** the few who do have kids are all from religious background, and as much as I love them, don’t really form part of the everyday world I live in

The Coworking Employee

I like to think that I’m acutely aware of my personal productivity at work, and this puts me in a great position to tune my working environment to maximise both the benefit to my employer, and my own happiness. The two key factors are my hours and location. The hours I work is an entire blog post all by itself, suffice to say that I hate being stressed by a rush hour commute, and the early bird may catch the worms, but I’m no bird, my needs go far beyond basic feeding. The other is where, or more specifically with whom.

Despite having an engineering degree I like to think of myself as a creative. I create software and I put my heart and soul into it because I love what I do. This may seem slightly at odds to the traditional view of a tech based employee, some kind of man-machine hybrid that mechanically churns out software on demand, but if you’ve ever met me I’m sure you will agree that I’m far from the norm in this industry. To keep creative juices flowing you need inspiration and in my case I’m looking for those key conversations where you just met someone and end up having a heated agreement.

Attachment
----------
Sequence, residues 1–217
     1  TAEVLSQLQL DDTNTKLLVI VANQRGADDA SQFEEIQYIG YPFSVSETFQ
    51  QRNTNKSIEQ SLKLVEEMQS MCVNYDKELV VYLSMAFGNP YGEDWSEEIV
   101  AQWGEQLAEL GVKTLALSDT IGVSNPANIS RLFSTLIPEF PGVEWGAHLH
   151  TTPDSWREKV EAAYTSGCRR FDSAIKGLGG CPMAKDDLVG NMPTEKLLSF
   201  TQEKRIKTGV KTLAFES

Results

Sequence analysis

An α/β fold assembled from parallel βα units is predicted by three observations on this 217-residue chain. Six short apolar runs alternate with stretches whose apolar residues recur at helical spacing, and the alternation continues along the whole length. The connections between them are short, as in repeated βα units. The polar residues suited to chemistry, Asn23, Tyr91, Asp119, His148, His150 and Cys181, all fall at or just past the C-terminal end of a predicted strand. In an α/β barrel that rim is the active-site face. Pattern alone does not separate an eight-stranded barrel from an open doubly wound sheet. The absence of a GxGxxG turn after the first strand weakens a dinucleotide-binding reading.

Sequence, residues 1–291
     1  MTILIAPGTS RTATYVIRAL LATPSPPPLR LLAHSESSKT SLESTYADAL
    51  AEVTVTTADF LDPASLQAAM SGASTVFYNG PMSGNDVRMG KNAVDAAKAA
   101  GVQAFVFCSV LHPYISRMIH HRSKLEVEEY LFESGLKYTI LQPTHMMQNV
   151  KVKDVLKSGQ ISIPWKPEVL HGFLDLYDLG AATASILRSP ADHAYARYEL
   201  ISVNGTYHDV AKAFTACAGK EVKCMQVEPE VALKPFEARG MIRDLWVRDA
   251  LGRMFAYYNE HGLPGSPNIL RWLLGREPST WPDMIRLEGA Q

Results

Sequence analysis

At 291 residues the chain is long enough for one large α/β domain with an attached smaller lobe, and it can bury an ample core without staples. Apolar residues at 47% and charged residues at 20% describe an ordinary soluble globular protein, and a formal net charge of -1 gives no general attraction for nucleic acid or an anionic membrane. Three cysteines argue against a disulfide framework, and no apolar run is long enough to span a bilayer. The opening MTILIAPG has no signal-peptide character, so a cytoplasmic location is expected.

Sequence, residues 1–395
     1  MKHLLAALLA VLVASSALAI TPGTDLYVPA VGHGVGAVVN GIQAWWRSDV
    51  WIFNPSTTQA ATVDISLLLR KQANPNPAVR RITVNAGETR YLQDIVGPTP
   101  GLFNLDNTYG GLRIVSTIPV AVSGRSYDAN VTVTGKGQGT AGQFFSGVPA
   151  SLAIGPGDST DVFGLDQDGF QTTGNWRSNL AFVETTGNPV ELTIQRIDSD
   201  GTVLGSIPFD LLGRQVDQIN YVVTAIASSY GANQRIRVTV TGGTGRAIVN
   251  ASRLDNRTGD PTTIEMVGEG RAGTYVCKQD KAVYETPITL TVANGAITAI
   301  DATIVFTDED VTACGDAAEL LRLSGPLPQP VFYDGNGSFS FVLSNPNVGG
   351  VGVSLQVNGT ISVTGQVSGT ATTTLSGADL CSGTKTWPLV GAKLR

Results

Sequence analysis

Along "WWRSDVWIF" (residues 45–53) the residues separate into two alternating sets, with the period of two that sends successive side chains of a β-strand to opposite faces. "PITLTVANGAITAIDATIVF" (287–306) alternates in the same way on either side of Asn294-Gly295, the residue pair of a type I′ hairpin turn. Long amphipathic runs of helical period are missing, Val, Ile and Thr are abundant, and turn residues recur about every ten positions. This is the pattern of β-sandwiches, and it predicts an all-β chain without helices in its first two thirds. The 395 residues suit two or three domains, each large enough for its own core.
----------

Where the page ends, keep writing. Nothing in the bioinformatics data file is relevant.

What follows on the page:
Coworking spaces all around the world attract exactly the kinds of people I’m passionate about meeting. I think those of us who get coworking have a shared passion for exactly these types of experiences, and we seek them out whenever possible. They have the uncanny ability to turn your otherwise average day into one that you will remember for a lifetime. You simply can’t find these experiences on a regular basis in traditional office environments, but in coworking spaces they are de rigueur.